ISB adds new dean, majors, classroom space to campus


The smell of fresh paint radiates through each hallway and stairwell.  Stacks of boxes containing shiny equipment waits to be put to use in state-of-the-art research labs. A human anatomy lab, not yet stained by the smell of formaldehyde. The hum of professors as they busily prepare for the first classes to experience a new building 50 years in the making.    

Browning Hall is the dream Stephanie Schroeder has been helping to build for nearly 15 years.  

“I still feel like pinch me,” Schroeder said. “I feel like it’s not real. These departments have done so much with so little for so long in Webster Hall and we have done a really good job. Imagine what we are going to be able to do now to help the next generation of Webster students.”     

The building

Browning Hall adds 27 laboratories including a human anatomy lab, kitchen lab and a computational lab, 71 new offices, a 129 seat auditorium and several common spaces for student and faculty.

With an estimated cost of $44 million, the Interdisciplinary Science Building (ISB) was designed to be American Disabilities Act (ADA) accessible on all levels. The accessibility ranges from building entrances to lab sinks and the levels of the desks in classrooms and labs.   

The new ISB building is located behind and attached to the East Academic Building. PC: Andrew Young
The new ISB building is located behind and attached to the East Academic Building.
PC: Andrew Young

“Everything about the building is accessible and built to current ADA standards,” Schroeder said. “Rather than having one station ADA and everything else at a greater height, it was decided to make everything at the ADA level. We have adjustable lab stools, but it would still be accessible for students with disabilities.”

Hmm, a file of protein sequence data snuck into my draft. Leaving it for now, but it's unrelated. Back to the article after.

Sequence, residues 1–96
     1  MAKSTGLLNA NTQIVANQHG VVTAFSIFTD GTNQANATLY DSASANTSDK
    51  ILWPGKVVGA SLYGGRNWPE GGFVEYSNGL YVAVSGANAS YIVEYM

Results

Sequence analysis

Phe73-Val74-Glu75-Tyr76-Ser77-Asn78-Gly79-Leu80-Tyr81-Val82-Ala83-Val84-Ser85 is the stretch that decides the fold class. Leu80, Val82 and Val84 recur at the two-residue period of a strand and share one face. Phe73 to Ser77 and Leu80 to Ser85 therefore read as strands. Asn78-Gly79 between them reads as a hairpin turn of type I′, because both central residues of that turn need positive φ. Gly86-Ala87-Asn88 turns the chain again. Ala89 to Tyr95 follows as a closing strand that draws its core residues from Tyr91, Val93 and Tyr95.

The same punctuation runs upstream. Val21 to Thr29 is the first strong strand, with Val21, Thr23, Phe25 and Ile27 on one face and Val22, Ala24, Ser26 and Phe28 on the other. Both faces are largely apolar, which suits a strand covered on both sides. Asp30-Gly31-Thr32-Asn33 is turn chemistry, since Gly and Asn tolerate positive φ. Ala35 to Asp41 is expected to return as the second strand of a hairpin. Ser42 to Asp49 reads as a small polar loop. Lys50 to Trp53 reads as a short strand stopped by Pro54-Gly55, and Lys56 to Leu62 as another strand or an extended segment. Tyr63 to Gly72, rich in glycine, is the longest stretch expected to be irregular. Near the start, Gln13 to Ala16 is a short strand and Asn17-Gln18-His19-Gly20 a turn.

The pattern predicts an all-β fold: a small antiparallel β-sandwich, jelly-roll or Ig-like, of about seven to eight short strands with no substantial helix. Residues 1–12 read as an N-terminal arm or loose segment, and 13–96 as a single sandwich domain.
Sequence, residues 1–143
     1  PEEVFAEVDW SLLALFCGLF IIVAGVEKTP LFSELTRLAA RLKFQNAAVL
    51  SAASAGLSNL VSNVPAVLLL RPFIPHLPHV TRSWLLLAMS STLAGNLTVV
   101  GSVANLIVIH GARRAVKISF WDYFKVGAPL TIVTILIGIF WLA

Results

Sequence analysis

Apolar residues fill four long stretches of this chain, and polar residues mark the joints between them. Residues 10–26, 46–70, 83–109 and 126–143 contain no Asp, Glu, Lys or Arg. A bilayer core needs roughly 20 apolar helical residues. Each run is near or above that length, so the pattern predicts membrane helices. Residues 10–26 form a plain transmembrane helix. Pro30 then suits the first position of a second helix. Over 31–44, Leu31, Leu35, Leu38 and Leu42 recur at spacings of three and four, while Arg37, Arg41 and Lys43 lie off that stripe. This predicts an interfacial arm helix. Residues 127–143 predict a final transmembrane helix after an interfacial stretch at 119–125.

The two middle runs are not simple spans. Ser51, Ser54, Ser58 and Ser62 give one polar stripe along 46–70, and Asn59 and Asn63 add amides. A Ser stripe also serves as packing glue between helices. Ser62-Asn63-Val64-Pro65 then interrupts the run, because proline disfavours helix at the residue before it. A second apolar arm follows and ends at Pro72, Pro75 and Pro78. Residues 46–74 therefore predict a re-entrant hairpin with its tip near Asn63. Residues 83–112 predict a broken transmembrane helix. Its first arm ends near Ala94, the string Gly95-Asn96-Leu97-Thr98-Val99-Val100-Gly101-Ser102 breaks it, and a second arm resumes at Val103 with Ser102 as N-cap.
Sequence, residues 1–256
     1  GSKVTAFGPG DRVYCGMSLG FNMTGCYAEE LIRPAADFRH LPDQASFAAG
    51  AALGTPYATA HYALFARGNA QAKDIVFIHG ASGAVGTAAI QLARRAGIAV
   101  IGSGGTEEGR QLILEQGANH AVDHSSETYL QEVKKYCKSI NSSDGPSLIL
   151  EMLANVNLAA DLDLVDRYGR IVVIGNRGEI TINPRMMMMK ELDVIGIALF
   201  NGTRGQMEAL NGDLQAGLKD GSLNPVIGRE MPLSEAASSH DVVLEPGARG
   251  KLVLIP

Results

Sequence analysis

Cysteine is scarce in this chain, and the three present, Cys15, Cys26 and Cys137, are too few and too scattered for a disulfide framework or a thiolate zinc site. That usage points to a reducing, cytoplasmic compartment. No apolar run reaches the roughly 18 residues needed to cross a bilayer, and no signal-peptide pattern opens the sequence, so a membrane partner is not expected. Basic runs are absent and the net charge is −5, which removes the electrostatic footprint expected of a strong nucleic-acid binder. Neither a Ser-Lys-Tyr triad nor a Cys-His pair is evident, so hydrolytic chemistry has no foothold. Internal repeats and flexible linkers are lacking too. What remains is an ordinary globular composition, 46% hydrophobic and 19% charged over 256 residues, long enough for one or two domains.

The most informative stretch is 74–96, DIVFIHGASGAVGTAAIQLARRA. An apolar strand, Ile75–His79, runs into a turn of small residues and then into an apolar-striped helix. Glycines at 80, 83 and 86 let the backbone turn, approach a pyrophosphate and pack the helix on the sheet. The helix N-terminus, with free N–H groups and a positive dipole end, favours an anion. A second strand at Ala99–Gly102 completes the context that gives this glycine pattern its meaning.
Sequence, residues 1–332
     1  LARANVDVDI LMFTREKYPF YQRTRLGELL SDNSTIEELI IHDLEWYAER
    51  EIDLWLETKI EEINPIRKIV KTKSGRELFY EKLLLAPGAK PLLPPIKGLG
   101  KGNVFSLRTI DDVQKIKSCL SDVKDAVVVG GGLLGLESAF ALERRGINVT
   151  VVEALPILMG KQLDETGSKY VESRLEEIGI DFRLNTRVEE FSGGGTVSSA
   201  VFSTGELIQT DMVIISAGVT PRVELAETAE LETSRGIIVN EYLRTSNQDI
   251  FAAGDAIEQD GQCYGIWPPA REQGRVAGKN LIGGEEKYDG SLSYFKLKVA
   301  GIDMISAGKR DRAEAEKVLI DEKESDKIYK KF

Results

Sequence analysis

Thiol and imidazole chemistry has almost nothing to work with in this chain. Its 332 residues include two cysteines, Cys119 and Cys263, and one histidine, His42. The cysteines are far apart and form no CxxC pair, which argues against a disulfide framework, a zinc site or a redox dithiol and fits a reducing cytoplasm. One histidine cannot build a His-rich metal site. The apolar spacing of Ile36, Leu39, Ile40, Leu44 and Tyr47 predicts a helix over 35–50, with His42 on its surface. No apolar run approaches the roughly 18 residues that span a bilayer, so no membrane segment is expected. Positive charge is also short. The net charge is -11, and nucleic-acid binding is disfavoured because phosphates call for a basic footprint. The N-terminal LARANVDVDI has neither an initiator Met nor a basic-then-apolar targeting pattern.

Additionally, the ISB was built with sustainability in mind. According to Webster’s mission statement, one of Webster’s core values is global citizenship, which includes acting responsibly toward the environment to foster a sustainable future.  

ISB was designed to be LEED Silver. This is part of a certification program through the LEED Green Building Rating System that reviews buildings on the design, construction and operation as a green building. The levels for LEED certification are certified, silver, gold and platinum. The East Academic Building was certified as LEED Gold in 2013.           

A new dean, a new major

In addition to the new building, the College of Arts and Sciences added Dean Tony Wallner. Wallner brings with him a new major to the university, a BS in chemistry.  

“We have Tony Wallner, who is the new Dean of the College of Arts and Sciences and Dean Wallner is a chemist by profession and trade,” VP of Enrollment Management and Student Affairs Robert Parrent said. “What that means is that he brings a whole new dimension of academic opportunity to the university.”  

The new program requires 128 credit hours including 67 credit hours of core chemistry courses, the Global Citizenship Program, a semester of independent research and electives. The chemistry program is housed in the new ISB building, where students have access to four chemistry labs, a research lab and an instrumentation room.   

“I think the fact that we now have a chemistry major, which we didn’t a year ago, is because we now have a building where we can be dedicated chemistry and before we didn’t,” President Elizabeth Stroble said. “Buildings are important because they enlarge your capacity to do different things you’ve never done before.”  


The dedication for Browning Hall is set for Thursday, October 19 at 10:30 am. The event will include a dedication ceremony followed by an academic symposium, academic sessions, a student research showcase and closing reception at 4:00 pm.  

Webster broke ground on the ISB September 9, 2015 and officially began construction on March 30, 2016. The official completion date was August 18, 2017.  

To RSVP for the dedication event, contact Director of Special Events Nancy Higgins at or 314-698-6959.  

To view The Journal’s video covering the new ISB, click here.

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